8 March 2000: Indonesia declared fires in Sumatra and Kalimantan as a national disaster. Indonesia's government warned the concession holders and plantation companies that their licenses could be revoked if they are found guilty of deliberately starting the fires.Responding to Singapore's Environment Minister Lee Yock Suan's letter, Indonesia's Environment Minister Sony Keraf gave assurance that the government was taking comprehensive measures to address the situation, including strengthening national strategy in controlling land and forest fires, mobilising resources in the areas where hotspots were detected, and sending law enforcement team to investigate the companies involved. The team, which will consist of (among others) representatives from police, the Attorney's General Office, BAPEDAL, will be given a full authority to investigate and collect data about any party who set fires to clear the land.

Recent actions taken by ASEAN, among others, are as follows:

Singapore as the lead country for monitoring component under the RHAP has been providing satellite pictures indicating hotspot locations to Indonesia. Recently, Singapore has also provided higher-resolution pictures that could pinpoint hot spot sites within 20 m.

In April 1999, ASEAN adopted a “zero-burning” policy and urged all countries to quickly implement the necessary laws and regulations to enforce this major decision aimed at controlling the transnational environment pollution caused by forest and land fires.

In January 2000, ASEAN held its first dialogue with plantation concessionaires in Pekanbaru, Riau Province to secure their co-operation in efforts to control forest fires and haze. The dialogue was initiated by ASEAN’s Haze Technical Task Force's Working Group on Subregional Firefighting Arrangement (SRFA) for Sumatra. ASEAN plans to hold a similar dialogue in Central Kalimantan involving the concessionaires as well as the local community.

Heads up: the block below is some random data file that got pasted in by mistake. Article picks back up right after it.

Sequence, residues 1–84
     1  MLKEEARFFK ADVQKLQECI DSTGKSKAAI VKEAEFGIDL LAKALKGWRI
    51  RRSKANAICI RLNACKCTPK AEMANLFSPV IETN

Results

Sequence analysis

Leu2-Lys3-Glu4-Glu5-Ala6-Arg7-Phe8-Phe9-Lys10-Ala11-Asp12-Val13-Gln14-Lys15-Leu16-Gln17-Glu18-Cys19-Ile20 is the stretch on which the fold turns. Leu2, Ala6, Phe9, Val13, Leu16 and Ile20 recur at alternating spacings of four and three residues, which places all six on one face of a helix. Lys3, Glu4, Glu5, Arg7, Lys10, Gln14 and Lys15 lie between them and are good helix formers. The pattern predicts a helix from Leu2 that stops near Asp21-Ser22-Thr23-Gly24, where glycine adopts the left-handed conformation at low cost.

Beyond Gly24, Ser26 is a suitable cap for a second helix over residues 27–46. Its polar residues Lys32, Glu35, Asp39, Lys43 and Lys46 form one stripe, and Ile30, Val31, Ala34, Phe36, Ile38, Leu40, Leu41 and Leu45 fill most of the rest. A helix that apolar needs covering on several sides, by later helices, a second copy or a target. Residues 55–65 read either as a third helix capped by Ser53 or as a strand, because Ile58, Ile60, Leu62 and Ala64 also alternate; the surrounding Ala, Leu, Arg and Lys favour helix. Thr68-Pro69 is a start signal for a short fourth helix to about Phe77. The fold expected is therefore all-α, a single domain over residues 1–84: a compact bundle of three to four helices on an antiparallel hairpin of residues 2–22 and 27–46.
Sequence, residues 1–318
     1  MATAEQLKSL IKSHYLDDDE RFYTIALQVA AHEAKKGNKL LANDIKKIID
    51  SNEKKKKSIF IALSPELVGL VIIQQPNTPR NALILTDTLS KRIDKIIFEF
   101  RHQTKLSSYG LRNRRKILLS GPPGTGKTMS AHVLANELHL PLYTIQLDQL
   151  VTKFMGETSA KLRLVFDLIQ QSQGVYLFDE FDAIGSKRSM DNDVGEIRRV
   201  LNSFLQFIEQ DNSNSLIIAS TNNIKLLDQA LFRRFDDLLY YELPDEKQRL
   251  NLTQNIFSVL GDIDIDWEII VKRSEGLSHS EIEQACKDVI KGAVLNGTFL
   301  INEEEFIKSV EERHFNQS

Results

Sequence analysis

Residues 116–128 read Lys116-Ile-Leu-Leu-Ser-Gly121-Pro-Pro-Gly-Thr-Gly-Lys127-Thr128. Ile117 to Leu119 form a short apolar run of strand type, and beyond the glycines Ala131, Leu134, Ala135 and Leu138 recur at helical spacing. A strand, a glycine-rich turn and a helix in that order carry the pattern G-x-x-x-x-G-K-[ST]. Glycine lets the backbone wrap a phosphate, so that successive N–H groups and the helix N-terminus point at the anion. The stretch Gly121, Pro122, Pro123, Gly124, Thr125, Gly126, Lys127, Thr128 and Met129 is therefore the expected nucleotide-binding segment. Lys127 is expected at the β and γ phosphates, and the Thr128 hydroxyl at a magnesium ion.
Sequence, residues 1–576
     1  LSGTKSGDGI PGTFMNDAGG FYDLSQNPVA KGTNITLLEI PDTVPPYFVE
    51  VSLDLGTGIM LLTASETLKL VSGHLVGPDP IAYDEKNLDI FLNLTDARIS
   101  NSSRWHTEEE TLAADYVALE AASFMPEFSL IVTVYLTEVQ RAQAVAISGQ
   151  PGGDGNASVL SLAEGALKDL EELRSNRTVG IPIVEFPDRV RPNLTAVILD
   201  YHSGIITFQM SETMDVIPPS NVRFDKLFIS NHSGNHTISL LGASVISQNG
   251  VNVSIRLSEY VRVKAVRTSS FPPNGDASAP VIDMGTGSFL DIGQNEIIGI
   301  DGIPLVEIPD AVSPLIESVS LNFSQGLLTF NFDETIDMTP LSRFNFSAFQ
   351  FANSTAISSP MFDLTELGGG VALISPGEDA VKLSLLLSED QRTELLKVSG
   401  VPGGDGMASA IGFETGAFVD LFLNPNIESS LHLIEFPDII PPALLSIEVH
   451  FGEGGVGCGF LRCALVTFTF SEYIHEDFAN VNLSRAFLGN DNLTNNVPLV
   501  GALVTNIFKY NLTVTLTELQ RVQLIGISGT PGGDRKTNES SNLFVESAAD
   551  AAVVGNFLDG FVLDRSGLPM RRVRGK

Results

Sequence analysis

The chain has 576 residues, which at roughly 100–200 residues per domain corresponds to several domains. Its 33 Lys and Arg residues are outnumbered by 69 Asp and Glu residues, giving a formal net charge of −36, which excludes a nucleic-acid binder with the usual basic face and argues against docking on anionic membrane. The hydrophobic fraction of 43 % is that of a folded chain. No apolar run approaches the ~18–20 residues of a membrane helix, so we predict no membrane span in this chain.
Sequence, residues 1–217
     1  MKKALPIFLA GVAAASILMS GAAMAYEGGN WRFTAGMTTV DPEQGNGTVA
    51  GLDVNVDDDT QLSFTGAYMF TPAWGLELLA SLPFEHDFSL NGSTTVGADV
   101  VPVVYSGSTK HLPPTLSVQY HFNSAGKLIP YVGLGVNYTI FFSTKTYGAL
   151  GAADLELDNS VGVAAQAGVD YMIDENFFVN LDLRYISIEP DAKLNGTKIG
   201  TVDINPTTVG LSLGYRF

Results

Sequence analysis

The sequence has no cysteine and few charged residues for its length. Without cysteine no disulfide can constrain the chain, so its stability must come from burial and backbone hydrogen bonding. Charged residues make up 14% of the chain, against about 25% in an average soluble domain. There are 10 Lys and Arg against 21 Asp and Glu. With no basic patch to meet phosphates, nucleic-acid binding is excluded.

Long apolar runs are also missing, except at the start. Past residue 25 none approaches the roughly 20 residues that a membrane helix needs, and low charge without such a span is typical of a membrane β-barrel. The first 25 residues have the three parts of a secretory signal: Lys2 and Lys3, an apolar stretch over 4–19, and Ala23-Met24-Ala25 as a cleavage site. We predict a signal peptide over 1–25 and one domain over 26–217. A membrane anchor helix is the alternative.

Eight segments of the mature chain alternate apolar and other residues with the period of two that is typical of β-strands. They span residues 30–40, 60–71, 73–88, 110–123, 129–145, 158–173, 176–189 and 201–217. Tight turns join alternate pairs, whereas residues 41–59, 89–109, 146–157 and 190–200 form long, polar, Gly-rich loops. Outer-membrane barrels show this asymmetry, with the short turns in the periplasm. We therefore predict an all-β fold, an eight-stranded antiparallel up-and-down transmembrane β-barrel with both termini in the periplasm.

ASEAN has put into operation its Fire Suppression Mobilisation measures in the districts of Riau Province, Indonesia to contain the spread of forest fires and smoke haze. These mobilisation measures are part of ASEAN’s efforts to develop a long-term capability to undertake fire suppression. Field-training exercises for the prevention and control of land and forest fires and haze are being implemented in Sumatra and West Kalimantan. The UNEP Environment Assessment Programme for Asia Pacific (EAP.AP) and the Australian Government have extended technical assistance to ASEAN amounting to US$50,000 and US$173,000 respectively to implement the component in Sumatra and West Kalimantan. Follow-up activities in Riau Province to further strengthen the local government's capacity in preventing and mitigating fires are being formulated. Assistance from the other ASEAN countries and a donor funding agency will be provided to complement and support the activities.

ASEAN, with the assistance of UNEP, is now formulating its single agreement on transboundary atmospheric pollution, which will help to prevent, control and mitigate transboundary haze pollution through concerted and co-operative national and regional action, while taking into account the relevant circumstances and socio-economic conditions of individual states.

ASEAN will be holding the 15th Meeting of the ASOEN Haze Technical Task Force, and the 5th Informal ASEAN Ministerial Meeting on Environment on 3 and 4 April 2000 respectively in Bandar Seri Begawan, Brunei Darussalam.

ASEAN’s Regional Haze Action Plan Co-ordination and Support Unit (RHAP-CSU) continuously monitors the haze situation on a day-to-day and region-wide bases and shares it findings through its website called the ASEAN Haze Action Online (


Newspapers' clippings compiled in the ASEAN Haze Action Online ( starting 7 March 2000, such as Borneo Bulletin, Kompas, Indonesian Observer, The Jakarta Post, Media Indonesia, Republika, Riau Pos, The Straits Times, The Star.

Related links in the Haze Action Online, such as ASMC (, BAPEDAL (, EU-FFPCP (

Information from Indonesia's relevant agencies, such as BAPEDAL, BAPEDALWIL Riau, Ministry of Forestry and Estate Crops.

Report prepared by RHAP-CSU
As of 22 March 2000